Five simple rules for perfect apostrophes

Of all the punctuation marks, apostrophes seem to cause the most confusion. Which is funny, because they only have two uses — to stand for missing letters and to show when something belongs to something else. The following five rules should tell you all you need to know to get your apostrophes right every time.

1. Use apostrophes to stand for missing letters

It’s been a great cake-eating contest. (it has)
It’s the best I’ve ever been to. (it is; I have)
But please don’t make me eat more. (do not)

Chocolate cake with raspberries.

2. Use apostrophes to show what belongs to what

When something belongs to a single person or thing:

my friend’s new cake stand (the cake stand of my friend)
her aunt’s chocolate gateau recipe (the recipe of her aunt)

When something belongs to more than one person or thing:

my friends’ applause (the applause of all my friends)
the aunties’ best cake forks (the cake forks of various aunties)

Cake forks.

Tip: If you’re not sure where the apostrophe should go, say the phrase the long way round, using ‘of’. Put the apostrophe where you stop speaking.

the huge appetite of my opponent (put apostrophe here)
my opponent’s huge appetite

the cream fillings of the cakes (put apostrophe here)
the cakes’ cream fillings

the wistful looks of the hungry children (put apostrophe here)
the hungry children’s wistful looks

Tip: For personal names that already end in ‘s’, you can choose to add an extra ‘s’ after the apostrophe if it sounds right when you say it out loud.

Curtis’s cake-eating trophy (correct)
Curtis’ cake-eating trophy (also correct)

3. Don’t use apostrophes when you mean ‘more than one’

The girls ate more than the boys.
The 1990s were my best cake-eating days.
Kate got two As and four Bs at patisserie school.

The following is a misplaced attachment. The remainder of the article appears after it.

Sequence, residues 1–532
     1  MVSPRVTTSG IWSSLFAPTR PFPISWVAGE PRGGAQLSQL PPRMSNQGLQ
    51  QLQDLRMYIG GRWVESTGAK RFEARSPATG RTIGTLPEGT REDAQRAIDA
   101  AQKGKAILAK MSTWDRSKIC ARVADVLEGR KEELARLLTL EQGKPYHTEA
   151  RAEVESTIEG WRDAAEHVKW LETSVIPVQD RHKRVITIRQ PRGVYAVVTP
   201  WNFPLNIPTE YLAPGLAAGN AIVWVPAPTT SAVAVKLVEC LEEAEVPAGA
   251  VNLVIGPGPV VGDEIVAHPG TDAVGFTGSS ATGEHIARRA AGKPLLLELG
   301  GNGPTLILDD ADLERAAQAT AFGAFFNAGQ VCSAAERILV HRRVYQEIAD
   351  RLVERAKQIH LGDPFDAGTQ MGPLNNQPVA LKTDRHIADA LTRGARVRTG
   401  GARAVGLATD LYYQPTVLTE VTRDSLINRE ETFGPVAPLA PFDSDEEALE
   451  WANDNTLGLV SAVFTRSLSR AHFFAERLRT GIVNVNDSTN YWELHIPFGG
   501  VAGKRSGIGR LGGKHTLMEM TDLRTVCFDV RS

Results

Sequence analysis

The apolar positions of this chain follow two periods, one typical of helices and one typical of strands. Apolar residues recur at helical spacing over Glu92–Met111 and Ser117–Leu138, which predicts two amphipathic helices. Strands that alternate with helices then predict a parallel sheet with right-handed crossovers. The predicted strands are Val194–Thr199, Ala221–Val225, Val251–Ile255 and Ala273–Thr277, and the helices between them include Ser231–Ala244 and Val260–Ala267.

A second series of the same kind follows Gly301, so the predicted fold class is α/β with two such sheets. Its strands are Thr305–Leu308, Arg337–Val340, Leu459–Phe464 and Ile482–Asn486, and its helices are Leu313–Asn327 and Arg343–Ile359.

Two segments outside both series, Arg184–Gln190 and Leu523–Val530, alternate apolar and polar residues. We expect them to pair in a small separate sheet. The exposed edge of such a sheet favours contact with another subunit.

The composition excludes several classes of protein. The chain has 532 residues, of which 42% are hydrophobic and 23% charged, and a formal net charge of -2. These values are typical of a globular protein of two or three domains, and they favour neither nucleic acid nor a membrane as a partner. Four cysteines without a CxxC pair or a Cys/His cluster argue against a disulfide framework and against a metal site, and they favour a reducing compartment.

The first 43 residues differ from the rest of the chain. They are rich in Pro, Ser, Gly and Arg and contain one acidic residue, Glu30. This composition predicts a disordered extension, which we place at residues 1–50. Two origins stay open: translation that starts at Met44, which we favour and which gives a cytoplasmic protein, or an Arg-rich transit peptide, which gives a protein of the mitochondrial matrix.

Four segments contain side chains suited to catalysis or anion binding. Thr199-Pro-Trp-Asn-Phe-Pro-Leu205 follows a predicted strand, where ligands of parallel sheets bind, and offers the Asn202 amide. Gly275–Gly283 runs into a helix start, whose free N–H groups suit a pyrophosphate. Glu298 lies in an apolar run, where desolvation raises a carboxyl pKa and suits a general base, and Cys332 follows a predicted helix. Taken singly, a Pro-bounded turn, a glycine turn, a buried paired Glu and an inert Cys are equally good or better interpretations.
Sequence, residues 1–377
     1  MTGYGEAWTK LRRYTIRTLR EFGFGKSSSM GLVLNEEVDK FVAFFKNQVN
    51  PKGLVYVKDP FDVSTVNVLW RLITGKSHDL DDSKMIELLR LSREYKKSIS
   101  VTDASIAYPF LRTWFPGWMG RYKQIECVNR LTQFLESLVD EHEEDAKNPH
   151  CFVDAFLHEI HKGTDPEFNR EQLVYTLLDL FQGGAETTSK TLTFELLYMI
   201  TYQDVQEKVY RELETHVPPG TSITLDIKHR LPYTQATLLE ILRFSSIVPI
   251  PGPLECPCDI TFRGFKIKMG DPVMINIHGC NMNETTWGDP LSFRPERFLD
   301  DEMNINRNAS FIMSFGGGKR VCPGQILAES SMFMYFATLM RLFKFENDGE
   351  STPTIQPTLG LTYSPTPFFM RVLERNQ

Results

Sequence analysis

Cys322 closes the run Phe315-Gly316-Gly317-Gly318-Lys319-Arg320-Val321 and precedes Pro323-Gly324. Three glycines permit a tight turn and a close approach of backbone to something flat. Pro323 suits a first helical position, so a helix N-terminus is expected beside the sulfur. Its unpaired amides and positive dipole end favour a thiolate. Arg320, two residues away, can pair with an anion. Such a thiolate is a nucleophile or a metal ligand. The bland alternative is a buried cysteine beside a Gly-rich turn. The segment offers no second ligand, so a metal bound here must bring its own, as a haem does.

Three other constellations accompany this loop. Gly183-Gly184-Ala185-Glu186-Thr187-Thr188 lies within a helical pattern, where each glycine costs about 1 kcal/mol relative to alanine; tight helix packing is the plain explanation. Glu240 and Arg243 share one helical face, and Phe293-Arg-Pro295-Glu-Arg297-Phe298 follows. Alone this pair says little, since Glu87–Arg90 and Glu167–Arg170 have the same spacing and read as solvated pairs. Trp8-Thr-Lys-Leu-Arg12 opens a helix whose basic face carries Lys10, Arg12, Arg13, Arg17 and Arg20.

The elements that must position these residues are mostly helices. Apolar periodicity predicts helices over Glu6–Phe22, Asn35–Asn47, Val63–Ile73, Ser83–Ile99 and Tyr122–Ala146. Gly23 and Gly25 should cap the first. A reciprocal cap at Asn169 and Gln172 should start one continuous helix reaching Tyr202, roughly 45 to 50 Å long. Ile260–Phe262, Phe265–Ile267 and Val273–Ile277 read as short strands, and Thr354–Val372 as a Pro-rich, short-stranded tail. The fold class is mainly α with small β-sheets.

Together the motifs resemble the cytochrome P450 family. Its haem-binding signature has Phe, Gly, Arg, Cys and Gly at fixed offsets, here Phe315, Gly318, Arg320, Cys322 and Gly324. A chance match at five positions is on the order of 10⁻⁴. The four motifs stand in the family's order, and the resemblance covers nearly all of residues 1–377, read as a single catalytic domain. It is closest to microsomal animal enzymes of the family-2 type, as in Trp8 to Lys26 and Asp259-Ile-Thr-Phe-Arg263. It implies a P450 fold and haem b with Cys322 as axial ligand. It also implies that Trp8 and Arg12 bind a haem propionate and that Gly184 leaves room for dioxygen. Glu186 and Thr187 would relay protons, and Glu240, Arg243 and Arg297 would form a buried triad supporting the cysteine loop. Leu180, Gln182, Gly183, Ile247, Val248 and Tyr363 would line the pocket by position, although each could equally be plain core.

I ate three muffins and nine cookies.

Cookies.

But do use an apostrophe if the reader could get confused (or rewrite the sentence).

Obey the do’s and don’ts of the contest. (or, Obey the rules of the contest.)

4. Take special care with it’s and its

Only use an apostrophe if you mean ‘it is’ or ‘it has’.

It’s been a day of sugar and sore tummies. (it has)
It’s all over now, thankfully. (it is)

5. Use a map to check apostrophes in place and street names

Many place names don’t use apostrophes. In some cases, the apostrophe disappears over time. Use a current map or encyclopedia to check.

Baker’s Yard
Chefs Lane
Cooks Road

 Cooks Road.

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7 responses to “Five simple rules for perfect apostrophes”

  1. Arthur’s Pass and Hawke’s Bay (the region) are the only NZ place names that still have the apostrophe, I believe.

  2. Gary Burns says:

    excellent explanation

  3. Ebenezer says:

    Thanks for sharing the basic rules

  4. kevin says:

    If only you’d been around in Year 7…….

  5. Agnes Han says:

    Thanks, from time to time I am bound to find it confusing – particularly for subject ending with “s”

  6. eleanormeecham says:

    Thanks Stuart. That’s fascinating. It’s so interesting to watch how language changes over time, and the decisions people (and governments) make to move with the times.

  7. Stuart Camp says:

    What a lovely simple set of rules. Thank you.
    A point of note in relation to street names. In New Zealand, the Government passed a ruling a number of years ago that stree names no longer have apostrophes in them, irrespective of how the name originated. Makes for simplicity.

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